In my recent post, Inkjet Labels Come of Age on the development of inkjet printers for labels, I took a look at the heads & inks that historically went into making the exceptional printers we see today. What was not so obvious from that account was just how much behind-the-scenes work came from the collaborative efforts of the people supplying the OEMs, including those in software and hardware. In this post, we discuss the importance of collaboration when it comes to industrial inkjet development.
Production print is dominated by the global print players, but in smaller and niche industrial segments there are a mixture of companies that develop inkjet printing machines and the components that go into making them work. Looking back at our labels example: when they embarked on developing label printers, Durst for example, had relatively little experience with single-pass having focussed initially on the wide-format market. Dotrix (Barco) and Caslon (FFEI) were both the product of small teams whose hard work gained the recognition of larger companies and the promise of the Jetrion 400 series saw EFI embark into single pass systems. All these systems made use of Xaar print head technology, specially formulated inks, and emerging UV-LED systems for pinning of the drops to meet the challenges of single pass onto different substrates.
It can be a bumpy ride for those early to the market. As Clive Ayling of Meteor Inkjet pointed out in our panel today on inkjet collaboration at the FuturePrint Virtual Summit panel, inkjet is an exciting area at the leading edge of many things, but “the leading edge can also be the bleeding edge”. This is a phrase that certainly rings true of my early experience in labels and corrugated printing and not all the product innovations out of the late 2000s survived the “chasm” as it has been called.
Forward-looking R&D effort takes some time to pay back but seemingly has proven worth the effort, as strong sales of their Durst’s RSC platform and other label printers shows. However, it is the often-hidden cooperation between suppliers of heads, ink and supporting equipment that has underpinned the ability of the independent OEMs to produce the best machines. As pointed out by Phil Jackman of Sun Chemical, “independently developing something makes no sense at all”. This is reinforced by Simon Roberts of Integration Technology, who says of inkjet systems “it’s almost like it has to be a well conducted orchestra to bring it all together to work in balance”.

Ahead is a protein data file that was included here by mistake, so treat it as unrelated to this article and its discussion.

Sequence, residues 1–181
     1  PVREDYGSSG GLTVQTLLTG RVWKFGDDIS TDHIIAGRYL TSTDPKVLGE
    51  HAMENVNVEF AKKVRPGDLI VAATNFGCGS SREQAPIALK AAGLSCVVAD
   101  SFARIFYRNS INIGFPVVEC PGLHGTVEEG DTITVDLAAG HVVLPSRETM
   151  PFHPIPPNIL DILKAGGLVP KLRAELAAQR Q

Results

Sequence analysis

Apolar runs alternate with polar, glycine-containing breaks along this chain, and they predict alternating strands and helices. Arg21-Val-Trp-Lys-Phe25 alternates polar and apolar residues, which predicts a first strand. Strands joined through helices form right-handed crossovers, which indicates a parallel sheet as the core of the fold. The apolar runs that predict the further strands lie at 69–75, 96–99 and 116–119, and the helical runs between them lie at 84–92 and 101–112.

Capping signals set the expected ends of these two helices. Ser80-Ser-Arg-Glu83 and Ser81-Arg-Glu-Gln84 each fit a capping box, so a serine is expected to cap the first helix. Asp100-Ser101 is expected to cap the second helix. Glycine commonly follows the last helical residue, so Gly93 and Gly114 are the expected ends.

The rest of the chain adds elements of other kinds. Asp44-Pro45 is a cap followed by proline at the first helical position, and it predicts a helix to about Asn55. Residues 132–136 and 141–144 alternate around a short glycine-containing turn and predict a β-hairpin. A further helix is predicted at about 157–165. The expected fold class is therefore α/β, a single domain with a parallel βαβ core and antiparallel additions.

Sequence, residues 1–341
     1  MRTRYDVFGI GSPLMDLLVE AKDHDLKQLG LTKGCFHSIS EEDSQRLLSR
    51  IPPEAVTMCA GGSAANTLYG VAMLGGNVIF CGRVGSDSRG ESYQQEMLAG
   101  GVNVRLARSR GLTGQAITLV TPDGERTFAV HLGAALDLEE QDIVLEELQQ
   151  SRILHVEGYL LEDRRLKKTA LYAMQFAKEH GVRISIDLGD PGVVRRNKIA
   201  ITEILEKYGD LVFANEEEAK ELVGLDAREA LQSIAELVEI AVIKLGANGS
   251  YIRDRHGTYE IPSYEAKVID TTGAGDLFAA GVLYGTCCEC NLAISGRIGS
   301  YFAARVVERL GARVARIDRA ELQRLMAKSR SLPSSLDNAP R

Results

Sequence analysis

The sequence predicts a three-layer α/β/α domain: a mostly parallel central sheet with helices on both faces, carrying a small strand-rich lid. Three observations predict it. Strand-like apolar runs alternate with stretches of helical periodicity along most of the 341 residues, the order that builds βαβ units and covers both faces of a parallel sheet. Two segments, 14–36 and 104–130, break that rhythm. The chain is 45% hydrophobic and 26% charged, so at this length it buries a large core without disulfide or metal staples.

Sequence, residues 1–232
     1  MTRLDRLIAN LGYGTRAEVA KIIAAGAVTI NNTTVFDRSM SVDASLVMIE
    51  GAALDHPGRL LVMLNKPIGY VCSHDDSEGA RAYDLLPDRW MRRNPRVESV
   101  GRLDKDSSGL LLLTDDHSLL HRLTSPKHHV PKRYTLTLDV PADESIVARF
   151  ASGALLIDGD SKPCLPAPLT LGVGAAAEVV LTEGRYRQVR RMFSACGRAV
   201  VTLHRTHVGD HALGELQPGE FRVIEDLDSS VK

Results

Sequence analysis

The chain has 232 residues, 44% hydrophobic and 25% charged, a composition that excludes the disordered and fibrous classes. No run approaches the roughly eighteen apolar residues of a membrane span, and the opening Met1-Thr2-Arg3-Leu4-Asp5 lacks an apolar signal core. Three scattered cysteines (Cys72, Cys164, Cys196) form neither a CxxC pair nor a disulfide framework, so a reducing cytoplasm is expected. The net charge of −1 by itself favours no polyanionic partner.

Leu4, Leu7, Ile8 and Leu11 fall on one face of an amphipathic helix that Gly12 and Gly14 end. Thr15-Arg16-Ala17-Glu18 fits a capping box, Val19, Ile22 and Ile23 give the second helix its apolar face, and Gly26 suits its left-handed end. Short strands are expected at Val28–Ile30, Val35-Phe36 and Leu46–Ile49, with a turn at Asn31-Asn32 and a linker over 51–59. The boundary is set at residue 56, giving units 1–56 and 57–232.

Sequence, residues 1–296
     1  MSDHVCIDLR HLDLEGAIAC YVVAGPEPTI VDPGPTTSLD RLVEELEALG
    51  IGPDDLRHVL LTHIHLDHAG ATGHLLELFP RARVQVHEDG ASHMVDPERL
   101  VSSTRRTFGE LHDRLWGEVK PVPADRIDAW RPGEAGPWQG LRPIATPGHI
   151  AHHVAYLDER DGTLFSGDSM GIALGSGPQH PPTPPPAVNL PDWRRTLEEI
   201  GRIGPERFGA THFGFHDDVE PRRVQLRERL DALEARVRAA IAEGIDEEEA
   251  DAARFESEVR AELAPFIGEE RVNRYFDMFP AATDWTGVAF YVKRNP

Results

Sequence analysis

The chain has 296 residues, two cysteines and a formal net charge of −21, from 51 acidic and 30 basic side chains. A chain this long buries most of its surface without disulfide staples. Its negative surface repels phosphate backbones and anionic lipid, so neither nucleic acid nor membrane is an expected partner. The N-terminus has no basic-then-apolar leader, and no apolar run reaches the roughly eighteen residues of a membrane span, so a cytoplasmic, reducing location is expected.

A simple example comes from looking at a UV-cured label print sample from LabelExpo 2013, where the curing of the darkest areas of ink was not adequately optimised by understanding the interplay between photoinitiator selection (ink), ink coverage (software) and curing wavelength (UV system). Understanding the root cause and fixing these challenges are best achieved through mutual understanding between the OEM and the relevant suppliers. Such issues can be hidden by over-varnishing (OPV) or over-laminating, but will ultimately influence adhesion, or even worse for low migration applications, impact the compliance of the package.
The key, according to Richard Darling of Ricoh, is the suppliers “letting each other know what we are up to and try and involve each other in it”. That is truly what keeps the industrial inkjet market moving forward into new applications. Of course, this is also supported strongly by activities of consultants like DoDxAct and other contributors at Inkjet Insight who are constantly helping clients find the right solutions to meet their needs. For DoDxAct that often means demonstrating in our laboratory the combination of print head and ink and developing the “waveforms” that are critical to the performance of industrial solutions.
You can learn more about the importance of inkjet collaboration in the development of industrial inkjet solution during the FuturePrint Summit. Register to hear the replay of the session I led along with the above-mentioned suppliers of heads, inks, electronic and curing systems.